Category Archives: Design

Design as medium, design as message, design as quality, design as motivation, design as standard, design as profession, design as thinking.

Humanity Needs Identity

Language is new again. Words and images are deconstructed, transformed and uploaded into something radically different. The process creates curiosity, bends opinions  and steers new behavior. It requires science and art. This is what I do — collaborate in Art, Media, and Technology.  20121203-IMG_2372   20090205L1029451   20091204-2009IMG_5558-2

Shouts and Whispers II

 

“‘It is only half an hour’ — ‘It is only an afternoon’ — ‘It is only an evening,’ people say to me over and over again; but they don’t know that it is impossible to command one’s self sometimes to any stipulated and set disposal of five minutes — or that the mere consciousness of an engagement will sometime worry a whole day … Who ever is devoted to an art must be content to deliver himself wholly up to it, and to find his recompense in it. I am grieved if you suspect me of not wanting to see you, but I can’t help it; I must go in my way whether or no.” — Charles Dickens

The task is not to breed generalists. It is to enable the specialist to make himself and his specialty effective. — Peter Drucker

Patterns are graphics in a very pure form. They are made, then wait for further employment. They ask for your imagination. If there is a thread that runs through my work, it is that it is not easy; it does not offer quick and simple solutions. 

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dual-duty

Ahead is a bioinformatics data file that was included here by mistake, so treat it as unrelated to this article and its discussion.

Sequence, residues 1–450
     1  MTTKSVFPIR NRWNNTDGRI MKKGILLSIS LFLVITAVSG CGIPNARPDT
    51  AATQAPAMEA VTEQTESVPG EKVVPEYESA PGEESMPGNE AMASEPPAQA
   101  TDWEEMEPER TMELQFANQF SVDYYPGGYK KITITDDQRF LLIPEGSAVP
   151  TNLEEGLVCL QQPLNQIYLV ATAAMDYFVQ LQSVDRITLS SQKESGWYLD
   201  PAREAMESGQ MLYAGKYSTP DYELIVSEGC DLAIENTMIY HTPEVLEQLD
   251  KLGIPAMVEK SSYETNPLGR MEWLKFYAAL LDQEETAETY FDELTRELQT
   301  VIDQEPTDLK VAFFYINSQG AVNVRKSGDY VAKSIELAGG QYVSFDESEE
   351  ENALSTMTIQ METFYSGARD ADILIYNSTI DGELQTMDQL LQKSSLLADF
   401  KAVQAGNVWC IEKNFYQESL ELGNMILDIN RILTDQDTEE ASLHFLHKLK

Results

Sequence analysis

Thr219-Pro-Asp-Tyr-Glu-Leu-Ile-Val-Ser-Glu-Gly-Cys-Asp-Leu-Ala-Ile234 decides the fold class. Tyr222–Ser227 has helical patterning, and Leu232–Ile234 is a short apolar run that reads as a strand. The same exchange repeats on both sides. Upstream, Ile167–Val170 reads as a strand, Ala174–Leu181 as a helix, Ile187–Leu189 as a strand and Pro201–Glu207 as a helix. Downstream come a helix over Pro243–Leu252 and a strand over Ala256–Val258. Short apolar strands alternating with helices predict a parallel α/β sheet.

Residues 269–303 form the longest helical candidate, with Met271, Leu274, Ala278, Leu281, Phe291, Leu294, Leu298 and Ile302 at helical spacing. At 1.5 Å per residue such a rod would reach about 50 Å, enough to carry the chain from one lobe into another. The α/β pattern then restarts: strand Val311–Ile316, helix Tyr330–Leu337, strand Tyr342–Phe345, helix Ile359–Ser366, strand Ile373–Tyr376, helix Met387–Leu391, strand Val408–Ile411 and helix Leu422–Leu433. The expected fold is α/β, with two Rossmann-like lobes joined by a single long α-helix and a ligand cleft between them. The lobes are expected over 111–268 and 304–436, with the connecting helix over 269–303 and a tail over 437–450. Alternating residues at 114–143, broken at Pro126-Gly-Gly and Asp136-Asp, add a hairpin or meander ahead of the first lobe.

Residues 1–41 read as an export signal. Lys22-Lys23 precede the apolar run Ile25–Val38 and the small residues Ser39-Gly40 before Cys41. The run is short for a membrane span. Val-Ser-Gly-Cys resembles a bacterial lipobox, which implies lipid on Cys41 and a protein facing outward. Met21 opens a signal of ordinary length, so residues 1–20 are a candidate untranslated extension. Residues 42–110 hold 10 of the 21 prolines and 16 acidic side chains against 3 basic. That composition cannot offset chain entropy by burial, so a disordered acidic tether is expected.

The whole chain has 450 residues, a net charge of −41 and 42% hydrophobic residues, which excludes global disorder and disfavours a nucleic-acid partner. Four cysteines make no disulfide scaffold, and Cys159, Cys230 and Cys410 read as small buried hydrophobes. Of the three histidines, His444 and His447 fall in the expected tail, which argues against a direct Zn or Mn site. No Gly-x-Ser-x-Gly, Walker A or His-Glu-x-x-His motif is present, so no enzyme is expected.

The text above was designed to cover an entire store window, a story-as-graphic. One could look through a few words and see what the store has on display behind the glass. Stand further back and see what appear to be sentences, which will combine with reflections from the outdoors. In our rushing about, these graphics make one pause and consider.

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 Above: Cursevex 50-1 — Very large pattern with a host of feasible technical solutions.

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Above: BSQ 1041b

 

Art and Democracy

What’s still lacking is the interface. We have more information than we have skills to turn it into useful knowledge. It’s a human problem, not for lack of the technology. We are still using computers that require a ton of babysitting and human guidance to get much done with them. We need more background, policy-driven computing. The real goal of the vision is a deep extension of our senses—more knowledge and more control of our world. We want to know more about people, more about the places we’re in and where we are going, and more about the things we have and might acquire. — Mark Rolston Chief Creative Officer, frogdesign

I have in mind patterns I have created for years, forming a tissue framework that works in reverse: rather than information design content as a starting point, the idea is to begin with an abstract framework and see how the surface of it, the architectural tissue might better guide an effective interface.

Design for twenty tiles:

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Shooting Cataracts

I’m ten days out of my second cataract surgery. My eye scratches, wells with tears.

 “Oh, don’t worry, “ said the non-medical world I encountered. ‘My sister was at the movies the same afternoon.” “My uncle went out for lunch straight from the hospital.”

Not me

Eight months before we were satisfied the left eye had settled, the cataract was removed from the right I’ve had a life of eyes.  

I want to talk about photography and design, taking photographs daily,

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Art is Not About Communication

Art is not about communication.  Art is not a way of conveying information. It’s a way of understanding information. That is, creating a work of art is a means we have of making sense of the world, focusing to make it clearer, not a way of communicating some understanding of the world that we already hold.’  — James Kochalka